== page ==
Improvisation has always been an essential tool for an actor whether you are in a comedy or a drama. Known for films that only have an outline instead of a set script, Christopher Guest has helped revolutionize the movie-going experience with the “mockumentary” film. Movies like Best in Show, A Mighty Wind, and Waiting for Guffman, all use a core group of actors known for their improvisational skills. Actors like Bob Balaban, Michael McKean, Harry Shearer, Eugene Levy, Parker Posey, Jane Lynch, Jennifer Coolidge, Fred Willard, and even Christopher Guest himself, all have made regular appearances in these films. Their improvisations skills have been put to use in both comedic and dramatic films. One of the most interesting films of Christopher Guest’s is For Your Consideration. Ironically, there was Oscar buzz for Catherine O’Hara’s performance in which she plays an actress vying for an statue of her own. Honestly, I think this movie SHOULD have gotten an Oscar for O’Hara and the movie itself. Catherine O’Hara’s abilities as an actor of both dramatic and comedic caliber are so high that even the apparent face-lift that her character, Marilyn Hack, has, was not done with use of makeup or special effects. As an actor, she had the ability to use her physicality and enhance the performance in an honest way. Take a look at the clip:
Put this DVD in your queue and watch the pure genius of the cast as they improvise their way through one of the funniest films to parody the film industry. There is more truth to this comedy about drama than in actual documentaries about the industry. I would love to be in a movie like the ones that Christopher Guest produces and directs. I think they are intelligent, funny and pure entertainment. I love seeing skilled actors at work.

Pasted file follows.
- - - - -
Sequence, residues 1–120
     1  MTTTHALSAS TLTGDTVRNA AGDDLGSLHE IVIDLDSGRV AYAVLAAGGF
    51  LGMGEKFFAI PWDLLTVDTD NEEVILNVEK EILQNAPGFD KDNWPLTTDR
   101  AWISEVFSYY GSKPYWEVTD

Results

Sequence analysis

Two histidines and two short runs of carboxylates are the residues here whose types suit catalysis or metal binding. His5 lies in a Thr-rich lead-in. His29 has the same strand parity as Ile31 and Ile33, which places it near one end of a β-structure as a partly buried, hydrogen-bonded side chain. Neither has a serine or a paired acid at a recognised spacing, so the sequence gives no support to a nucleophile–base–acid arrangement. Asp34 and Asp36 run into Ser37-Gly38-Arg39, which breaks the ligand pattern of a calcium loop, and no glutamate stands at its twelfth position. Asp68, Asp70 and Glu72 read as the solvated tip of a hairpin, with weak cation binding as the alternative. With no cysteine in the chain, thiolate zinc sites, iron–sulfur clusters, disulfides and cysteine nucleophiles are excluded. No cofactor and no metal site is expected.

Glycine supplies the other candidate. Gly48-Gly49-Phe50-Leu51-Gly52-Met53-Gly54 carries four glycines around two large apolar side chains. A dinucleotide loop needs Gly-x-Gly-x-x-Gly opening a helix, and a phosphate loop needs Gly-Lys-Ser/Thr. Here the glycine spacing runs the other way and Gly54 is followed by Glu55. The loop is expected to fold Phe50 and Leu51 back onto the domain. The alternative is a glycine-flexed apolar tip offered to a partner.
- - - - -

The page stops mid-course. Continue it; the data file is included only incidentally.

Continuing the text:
Certain movies can make turn any frown upside down. In light of Reese Witherspoon’s recent DUI arrest, maybe she should watch Pleasantville or Legally Blonde to help her get through her legal woes. Here’s a list of movies that always put a smile on my face and are worth checking out to help kick off your weekend with a smile of your own.
Babe (1995): Pigs, especially talking pigs, are adorable. Plus, it has one of the best lines in movie history, ” That’ll do, pig. That’ll do.”
Amélie (2001): It’s French, it’s fabulous, and it ALWAYS puts a smile on my face. Visually stunning too.
Clue (1985): I could watch this movie all day. In fact, I have watched this movie all day on several occasions just to watch the three endings the way they were meant to be seen. It’s also one of the funniest movie ensembles ever with Michael McKean, Christopher Lloyd, and the late Madeline Kahn at its helm. Kahn also delivers one of the best improvised monologues I’ve ever seen.
Pretty Woman (1990): Who wouldn’t want to have an endless supply of pizza while they go on a shopping spree? And bag Richard Gere (from his glory days) in the process? I also wanted to give those salesgirls a piece of my mind.
Romy and Michele’s High School Reunion (1997): Success is the best form of revenge. Too bad they had to make most of it up. But it’s hysterical in the process. Plus, I really want to know WHO actually invented Post-Its. And, there’s the kick-ass dance number with Alan Cumming, Lisa Kudrow and Mira Sorvino.
Noises Off… (1992): Christopher Reeve, John Ritter, Carol Burnett & Michael Caine in ONE movie. And it has constantly made me laugh every time I watch it. If you’re involved in theater, or have seen the play, it’s definitely worth checking out.
The Philadelphia Story (1940): It’s one of the best movies ever, with three of the biggest stars ever.. It’s classic. And Katharine Hepburn has a scene where she gets drunk. It’s hysterical.
Barefoot in the Park (1967): Neil Simon’s classic play adapted for the screen in one of the funniest movies about becoming a newlywed.
Nine Months (1995): Joan Cusack, Julianne Moore, Tom Arnold, Hugh Grant and a hysterical performance by Robin Williams. The miracle of life gets funny, especially when Julianne Moore’s character goes into labor.